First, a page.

Some old favorites–Albannach, Screaming Orphans, Timlin & Kane, Searson, the Brigadoons, Jamison, the Hooligans–were back, but there were some new acts at this year’s Mid-Winter Scottish & Irish Festival. We saw Gabriel Donohue with Vonnie Quinn, the Mudmen, McLean Avenue and, while Brother wasn’t there, Angus Richardson and Drew Reid were and they joined Albannach on stage to make it Albannach Plus 2.
We sampled Scottish barbecue (pork and peat!), fish and chips, McDougall’s Irish Victory Cakes, bacon chocolate (yes, you read that right–it was good), Guinness (thanks Sean Crossan!) and, for the umpteenth year in a row, did not have haggis. (We tasted some in Bethlehem at Celtic Fest–we don’t like liver.) Continue Reading
We’re just a week away from the 24th annual Greater Philadelphia Mid-Winter Scottish and Irish Music Festival at the Valley Forge Events Center in King of Prussia. And as usual, organizer Bill Reid has come up with about a hundred ways to have a fabulous weekend of music, dance, food, drink, and other great Celtic stuff (sword fight, anyone?) just in time for Valentine’s Day.
Many local performers and bands, including The John Byrne Band, Jamison, The Hooligans, Oliver McElhone, Timlin & Kane, Charlie Zahm and Tad Marks, Gabriel Donohue and Seamus Kennedy (back by popular demand) will be on stage, along with long-time festival favorites Albannach, the Brigadoons, Searson, the Screaming Orphans, the MacLeod Fiddlers and the Washington Memorial Pipers and Drummers. While fan favorite Brother isn’t on the bill, the group’s Angus Richardson will be there. And new this year, the Canadian Celtic rock group, the Mudmen will be rousing the rabble, starting on Friday night, February 12.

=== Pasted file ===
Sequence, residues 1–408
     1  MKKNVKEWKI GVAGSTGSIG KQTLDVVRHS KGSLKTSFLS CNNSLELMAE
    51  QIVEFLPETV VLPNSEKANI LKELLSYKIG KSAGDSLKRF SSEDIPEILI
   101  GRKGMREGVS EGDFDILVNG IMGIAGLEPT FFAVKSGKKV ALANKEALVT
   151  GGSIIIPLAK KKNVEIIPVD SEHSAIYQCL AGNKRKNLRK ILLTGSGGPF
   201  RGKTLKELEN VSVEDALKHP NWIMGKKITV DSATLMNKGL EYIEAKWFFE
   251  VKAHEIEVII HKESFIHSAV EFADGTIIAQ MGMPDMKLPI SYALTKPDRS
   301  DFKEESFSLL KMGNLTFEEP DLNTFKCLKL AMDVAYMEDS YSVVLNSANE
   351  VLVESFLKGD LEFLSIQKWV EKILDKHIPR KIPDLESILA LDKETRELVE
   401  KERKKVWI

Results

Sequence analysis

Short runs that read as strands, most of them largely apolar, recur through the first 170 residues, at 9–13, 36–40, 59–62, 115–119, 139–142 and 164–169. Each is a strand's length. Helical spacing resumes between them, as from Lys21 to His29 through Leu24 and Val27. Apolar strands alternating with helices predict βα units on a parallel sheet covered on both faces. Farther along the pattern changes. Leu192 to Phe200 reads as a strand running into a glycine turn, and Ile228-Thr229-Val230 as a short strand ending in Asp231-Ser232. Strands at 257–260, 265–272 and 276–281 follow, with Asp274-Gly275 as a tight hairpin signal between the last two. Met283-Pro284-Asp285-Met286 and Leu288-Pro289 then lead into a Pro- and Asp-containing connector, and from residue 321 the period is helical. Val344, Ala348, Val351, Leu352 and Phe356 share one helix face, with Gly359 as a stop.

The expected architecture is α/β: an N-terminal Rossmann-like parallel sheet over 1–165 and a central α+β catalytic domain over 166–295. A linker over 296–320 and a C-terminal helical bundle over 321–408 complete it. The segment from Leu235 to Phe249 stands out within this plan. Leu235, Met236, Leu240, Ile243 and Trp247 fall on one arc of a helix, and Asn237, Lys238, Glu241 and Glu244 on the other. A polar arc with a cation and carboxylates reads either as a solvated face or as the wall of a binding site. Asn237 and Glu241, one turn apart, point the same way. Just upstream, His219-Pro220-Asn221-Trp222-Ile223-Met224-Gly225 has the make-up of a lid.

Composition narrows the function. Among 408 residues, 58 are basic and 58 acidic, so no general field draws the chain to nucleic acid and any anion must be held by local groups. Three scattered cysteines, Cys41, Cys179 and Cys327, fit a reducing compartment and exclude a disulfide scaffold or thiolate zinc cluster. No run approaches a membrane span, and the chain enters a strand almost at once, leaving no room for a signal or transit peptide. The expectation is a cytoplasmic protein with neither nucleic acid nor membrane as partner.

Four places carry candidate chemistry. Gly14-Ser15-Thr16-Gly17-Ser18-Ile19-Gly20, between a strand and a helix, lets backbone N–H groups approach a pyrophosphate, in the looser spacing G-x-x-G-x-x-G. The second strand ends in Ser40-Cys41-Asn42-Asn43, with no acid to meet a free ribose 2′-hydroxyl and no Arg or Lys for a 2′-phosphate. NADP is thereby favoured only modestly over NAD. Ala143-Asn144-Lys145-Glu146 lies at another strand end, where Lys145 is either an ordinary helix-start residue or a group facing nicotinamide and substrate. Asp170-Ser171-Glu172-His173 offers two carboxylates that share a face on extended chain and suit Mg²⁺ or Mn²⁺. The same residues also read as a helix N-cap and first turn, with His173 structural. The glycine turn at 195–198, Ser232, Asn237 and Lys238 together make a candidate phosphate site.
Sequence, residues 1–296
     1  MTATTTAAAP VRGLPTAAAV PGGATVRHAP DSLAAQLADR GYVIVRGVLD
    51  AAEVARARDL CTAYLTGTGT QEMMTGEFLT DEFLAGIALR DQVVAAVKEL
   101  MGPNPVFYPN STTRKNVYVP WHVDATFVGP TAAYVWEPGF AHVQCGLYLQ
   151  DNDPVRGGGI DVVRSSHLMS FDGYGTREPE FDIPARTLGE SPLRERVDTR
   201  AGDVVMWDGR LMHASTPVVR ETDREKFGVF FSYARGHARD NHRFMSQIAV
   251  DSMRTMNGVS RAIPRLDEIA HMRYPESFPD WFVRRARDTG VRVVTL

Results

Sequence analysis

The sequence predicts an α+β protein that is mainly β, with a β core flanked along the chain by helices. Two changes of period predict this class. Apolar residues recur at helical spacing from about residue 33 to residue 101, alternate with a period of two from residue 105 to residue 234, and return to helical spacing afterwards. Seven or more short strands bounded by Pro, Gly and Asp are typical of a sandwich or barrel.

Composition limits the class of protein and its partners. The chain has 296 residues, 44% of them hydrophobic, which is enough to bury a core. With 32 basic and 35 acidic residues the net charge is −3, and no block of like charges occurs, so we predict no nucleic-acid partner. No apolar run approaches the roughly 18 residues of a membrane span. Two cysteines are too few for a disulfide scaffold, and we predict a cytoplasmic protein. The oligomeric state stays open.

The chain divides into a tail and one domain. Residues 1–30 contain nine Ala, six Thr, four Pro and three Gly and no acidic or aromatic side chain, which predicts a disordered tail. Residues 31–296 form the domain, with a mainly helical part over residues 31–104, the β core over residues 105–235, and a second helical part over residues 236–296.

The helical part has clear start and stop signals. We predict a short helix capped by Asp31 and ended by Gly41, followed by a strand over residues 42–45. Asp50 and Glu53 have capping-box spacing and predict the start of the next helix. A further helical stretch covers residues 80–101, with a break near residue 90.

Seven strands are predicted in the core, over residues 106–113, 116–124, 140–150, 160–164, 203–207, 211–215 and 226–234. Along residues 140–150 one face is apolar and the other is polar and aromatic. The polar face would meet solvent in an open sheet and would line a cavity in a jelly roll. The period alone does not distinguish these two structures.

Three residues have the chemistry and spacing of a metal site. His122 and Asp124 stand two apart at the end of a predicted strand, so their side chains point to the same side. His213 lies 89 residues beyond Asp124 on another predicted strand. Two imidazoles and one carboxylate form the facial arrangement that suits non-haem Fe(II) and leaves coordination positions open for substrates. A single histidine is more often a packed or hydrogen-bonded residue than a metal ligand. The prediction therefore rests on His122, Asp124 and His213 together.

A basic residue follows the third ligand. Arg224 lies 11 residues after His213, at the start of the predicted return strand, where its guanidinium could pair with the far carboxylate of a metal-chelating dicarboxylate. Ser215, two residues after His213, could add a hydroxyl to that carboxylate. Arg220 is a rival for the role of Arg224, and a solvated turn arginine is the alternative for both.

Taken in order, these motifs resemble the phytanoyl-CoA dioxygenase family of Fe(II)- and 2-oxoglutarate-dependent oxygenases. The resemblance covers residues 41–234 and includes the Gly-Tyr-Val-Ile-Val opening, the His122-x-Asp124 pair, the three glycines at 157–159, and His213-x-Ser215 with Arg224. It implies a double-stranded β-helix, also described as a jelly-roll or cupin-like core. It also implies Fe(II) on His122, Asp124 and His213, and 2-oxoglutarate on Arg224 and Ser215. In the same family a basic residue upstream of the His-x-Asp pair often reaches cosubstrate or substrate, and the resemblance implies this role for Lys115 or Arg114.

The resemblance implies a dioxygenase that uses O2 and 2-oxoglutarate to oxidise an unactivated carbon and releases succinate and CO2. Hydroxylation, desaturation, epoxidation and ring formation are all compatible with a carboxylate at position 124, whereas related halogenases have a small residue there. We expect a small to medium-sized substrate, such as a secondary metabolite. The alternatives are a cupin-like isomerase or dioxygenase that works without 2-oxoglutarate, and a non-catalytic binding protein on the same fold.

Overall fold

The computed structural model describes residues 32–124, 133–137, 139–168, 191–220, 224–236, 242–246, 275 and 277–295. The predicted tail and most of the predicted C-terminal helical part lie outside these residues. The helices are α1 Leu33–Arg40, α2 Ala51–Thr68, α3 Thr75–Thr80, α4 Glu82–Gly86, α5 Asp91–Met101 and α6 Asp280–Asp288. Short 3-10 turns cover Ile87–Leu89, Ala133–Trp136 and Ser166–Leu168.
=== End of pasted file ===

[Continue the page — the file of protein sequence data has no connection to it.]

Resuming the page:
This could be the perfect time for you to learn Irish, ceili dancing, and how to tell the difference between whiskies—there are also workshops daily over the three-day event. There’s always a great array of vendors whether you’re interested in jewelry, kilts, or haggis-flavored potato chips. Continue Reading